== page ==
Nowadays, most privately-owned companies in the UK are micro businesses, which is a classification that describes a business operating on a small (or very small) scale.
These small businesses are responsible for 13.3 million jobs around the United Kingdom — but how, despite their micro-stature, can these organisations maintain growth and support the needs of their talented employees? The answer: salary sacrifice.
While the definition of a micro business is broad in scope (there are around 5,936,545 according to the latest government figures), these many millions of operations share the same challenges — namely, cash flow management, recruitment, and retention.
So, with these factors in mind, we seek to explore how your business can use salary sacrifice to help employees get more value from their role when money becomes a blocker. After all, it’s unrealistic to think a micro business (or fledgling startup) can keep pace with the salary packages offered by big multinationals.
Instead, you should focus on creating a people-centric work culture that, of course, fulfils basic physiological needs like food, water, and security, but also self-fulfilling, psychological needs such as community, prestige, and accomplishment.
Read on as we outline what salary sacrifice is and why it’s important for your micro business.
Salary sacrifice definition
First and foremost: what is salary sacrifice?
Salary sacrifice is an arrangement between you (the employer) and your team members to trade part of their salary in exchange for non-cash incentives. This can include gym memberships, access to company cars, and additional pension contributions (but more on that later).
One truth is clear at the crux of this arrangement — your current (and prospective) employees earn less money. And while this is a deal-breaker for many professionals, such “sacrifice” opens the door to a range of exciting opportunities your business — and your staff — may not otherwise be able to afford.
For instance, salary sacrifice, when properly tailored to your team’s wants and needs, is an effective tool that gives employees more control over their role and helps them earn tax breaks on rewards they can genuinely benefit from.
Benefits and challenges associated with salary sacrifice
Salary sacrifice isn’t for everyone. Not least because giving up part of your salary is a serious consideration to weigh up, but also you cannot offer it to an employee if the reduced earnings would take them below minimum wage — a stipulation that may restrict your ability to offer salary sacrifice to your employees.
With that said, there are many benefits to salary sacrifice if your business fits the bill:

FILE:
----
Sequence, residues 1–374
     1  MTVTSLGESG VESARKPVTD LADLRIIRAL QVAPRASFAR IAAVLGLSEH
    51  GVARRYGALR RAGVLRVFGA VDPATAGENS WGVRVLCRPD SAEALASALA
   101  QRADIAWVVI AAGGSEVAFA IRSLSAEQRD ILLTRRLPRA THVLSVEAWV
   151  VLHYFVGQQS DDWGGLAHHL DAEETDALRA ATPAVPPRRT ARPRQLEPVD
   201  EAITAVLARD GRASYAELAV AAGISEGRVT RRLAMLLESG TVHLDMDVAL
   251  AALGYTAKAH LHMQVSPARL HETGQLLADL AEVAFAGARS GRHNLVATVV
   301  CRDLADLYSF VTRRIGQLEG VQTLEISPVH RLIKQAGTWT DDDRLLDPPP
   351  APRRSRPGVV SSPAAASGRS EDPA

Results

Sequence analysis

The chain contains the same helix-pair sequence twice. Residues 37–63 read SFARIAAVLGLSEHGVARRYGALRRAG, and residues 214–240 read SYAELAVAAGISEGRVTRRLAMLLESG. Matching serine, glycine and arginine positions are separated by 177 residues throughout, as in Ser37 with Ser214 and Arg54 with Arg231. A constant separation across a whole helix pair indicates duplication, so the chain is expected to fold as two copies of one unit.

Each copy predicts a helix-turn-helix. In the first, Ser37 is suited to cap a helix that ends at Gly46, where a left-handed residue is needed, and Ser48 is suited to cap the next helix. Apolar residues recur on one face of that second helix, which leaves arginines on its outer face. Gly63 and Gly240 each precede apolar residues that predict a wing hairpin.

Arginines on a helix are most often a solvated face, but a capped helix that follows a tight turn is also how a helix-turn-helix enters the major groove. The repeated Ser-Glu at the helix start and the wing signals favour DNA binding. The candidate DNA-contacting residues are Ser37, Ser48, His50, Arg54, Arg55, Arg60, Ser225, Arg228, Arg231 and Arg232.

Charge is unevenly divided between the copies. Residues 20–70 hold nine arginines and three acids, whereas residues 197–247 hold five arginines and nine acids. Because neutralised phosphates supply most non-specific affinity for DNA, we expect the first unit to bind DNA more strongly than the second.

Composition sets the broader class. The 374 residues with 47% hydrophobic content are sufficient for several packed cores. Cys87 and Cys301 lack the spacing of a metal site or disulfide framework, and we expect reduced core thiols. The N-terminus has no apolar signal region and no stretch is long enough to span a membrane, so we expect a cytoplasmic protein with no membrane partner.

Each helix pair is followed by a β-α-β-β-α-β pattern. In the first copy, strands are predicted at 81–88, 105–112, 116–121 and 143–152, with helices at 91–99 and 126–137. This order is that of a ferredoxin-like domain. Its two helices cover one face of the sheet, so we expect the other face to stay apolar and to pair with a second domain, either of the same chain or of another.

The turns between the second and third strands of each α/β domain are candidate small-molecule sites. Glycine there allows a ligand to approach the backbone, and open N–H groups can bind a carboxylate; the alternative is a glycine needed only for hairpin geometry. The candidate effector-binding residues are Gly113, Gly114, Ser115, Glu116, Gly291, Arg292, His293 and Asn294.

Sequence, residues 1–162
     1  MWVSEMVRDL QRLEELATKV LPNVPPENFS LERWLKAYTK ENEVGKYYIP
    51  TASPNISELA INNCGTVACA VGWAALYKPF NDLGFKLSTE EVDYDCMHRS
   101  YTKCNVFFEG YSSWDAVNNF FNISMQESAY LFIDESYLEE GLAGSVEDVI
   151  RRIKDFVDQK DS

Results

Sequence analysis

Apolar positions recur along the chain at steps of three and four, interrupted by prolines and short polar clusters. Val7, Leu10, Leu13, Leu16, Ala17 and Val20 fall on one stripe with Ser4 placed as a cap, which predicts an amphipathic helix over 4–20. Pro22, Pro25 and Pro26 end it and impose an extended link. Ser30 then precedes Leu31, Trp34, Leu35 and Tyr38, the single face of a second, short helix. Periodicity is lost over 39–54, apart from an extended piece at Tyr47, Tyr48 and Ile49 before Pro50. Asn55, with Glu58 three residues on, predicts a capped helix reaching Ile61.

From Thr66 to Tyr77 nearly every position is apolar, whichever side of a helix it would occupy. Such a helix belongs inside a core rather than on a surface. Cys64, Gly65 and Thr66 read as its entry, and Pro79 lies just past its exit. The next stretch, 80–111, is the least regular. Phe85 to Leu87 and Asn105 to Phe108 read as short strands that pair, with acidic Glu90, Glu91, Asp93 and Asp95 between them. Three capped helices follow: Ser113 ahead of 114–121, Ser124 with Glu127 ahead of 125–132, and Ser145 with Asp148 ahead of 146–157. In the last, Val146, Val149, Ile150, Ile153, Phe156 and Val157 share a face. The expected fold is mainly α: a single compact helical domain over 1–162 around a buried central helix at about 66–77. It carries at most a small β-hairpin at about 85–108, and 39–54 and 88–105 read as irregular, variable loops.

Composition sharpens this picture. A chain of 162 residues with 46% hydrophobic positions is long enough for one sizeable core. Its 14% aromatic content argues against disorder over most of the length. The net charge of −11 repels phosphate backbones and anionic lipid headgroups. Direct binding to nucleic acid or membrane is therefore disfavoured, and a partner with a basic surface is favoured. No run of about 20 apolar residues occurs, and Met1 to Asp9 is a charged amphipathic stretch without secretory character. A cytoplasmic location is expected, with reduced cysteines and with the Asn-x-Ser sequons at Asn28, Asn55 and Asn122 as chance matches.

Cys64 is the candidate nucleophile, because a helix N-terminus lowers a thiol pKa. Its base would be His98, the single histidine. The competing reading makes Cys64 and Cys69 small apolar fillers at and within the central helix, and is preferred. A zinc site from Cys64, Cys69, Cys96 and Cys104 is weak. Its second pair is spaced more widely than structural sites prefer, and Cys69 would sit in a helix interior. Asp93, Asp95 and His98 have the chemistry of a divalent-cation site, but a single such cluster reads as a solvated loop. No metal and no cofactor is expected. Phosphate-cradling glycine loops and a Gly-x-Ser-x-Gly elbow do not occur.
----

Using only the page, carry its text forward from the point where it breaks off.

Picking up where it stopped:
- Reduced Income Tax and National Insurance (NI) contributions
- Paying less in salary means funds can be reinvested into the business
Despite these benefits, salary sacrifice does present your micro business (and its employees) with a set of challenges:
- Lower salary might affect mortgage rates and how much people can borrow
- State benefits entitlements like statutory maternity pay could be affected
Think of salary sacrifice as a two-sided coin: tails provides the flexibility for your team to enjoy benefits they wouldn’t otherwise have access to — and heads? Well, this presents a situation where your team earns less money, which can prove detrimental to financials in their private life, like mortgage applications and various state benefits.
Salary sacrifice ideas for your micro business
While your micro business cannot provide the large salaries offered by competing corporations, nor likely buy a shiny new company car, you can create a more enticing package for current and prospective employees.
Here are four popular examples:
1. Employee pension contributions
It’s now your legal responsibility to enrol employees in a workplace pension scheme — but why stop at the bare minimum? If your micro business wants to improve employee retention then it needs to secure finances over the long term.
With this in mind, providing additional pension contributions in place of a pay rise is a tax-efficient way to help your team save for retirement. This often manifests in an arrangement where your business pays an additional percentage, equal to the salary your employee has sacrificed.
2. Cycle to work
A cycle to work scheme encourages healthy living and pollution reduction, which contributes to your business corporate responsibility — a major step, especially if your micro business aspires to become a B Corp.
Moreover, with a cycle to work programme, employees tend to save 25-39% on the cost of bike ownership, maintenance, and accessories, which eases the burden of travel.
3. Gym membership
Care about the physical and mental wellbeing of your team? Well, your business can offer gym memberships at corporate rates via salary sacrifice.
Savings for these memberships tend to vary. For example, some are completely free, while others place a discount on fees.
4. Childcare vouchers
Parents in your team can save by paying for childcare with their pre-tax salary — but how does this work?
As the employer, you source tax-free vouchers that can be used by your team at a childcare provider of their choice. While there is lots of flexibility with this scheme, it’s important to take note that there are limits to how much can be claimed. For instance, each parent can request a maximum of £243 per month that is exempt from tax and NI contributions.
So how can salary sacrifice support your micro business? It all depends on the needs and wants of your team. Salary sacrifice, after all, is a flexible concept that allows you to tailor benefits to an individual.
With that said, salary sacrifice is also a divisive topic that does not suit everyone — this is particularly true for micro businesses with employees working on (or close to) the minimum wage. If your business does fit the bill, however, then you can approach employee satisfaction in a more affordable, people-centric way.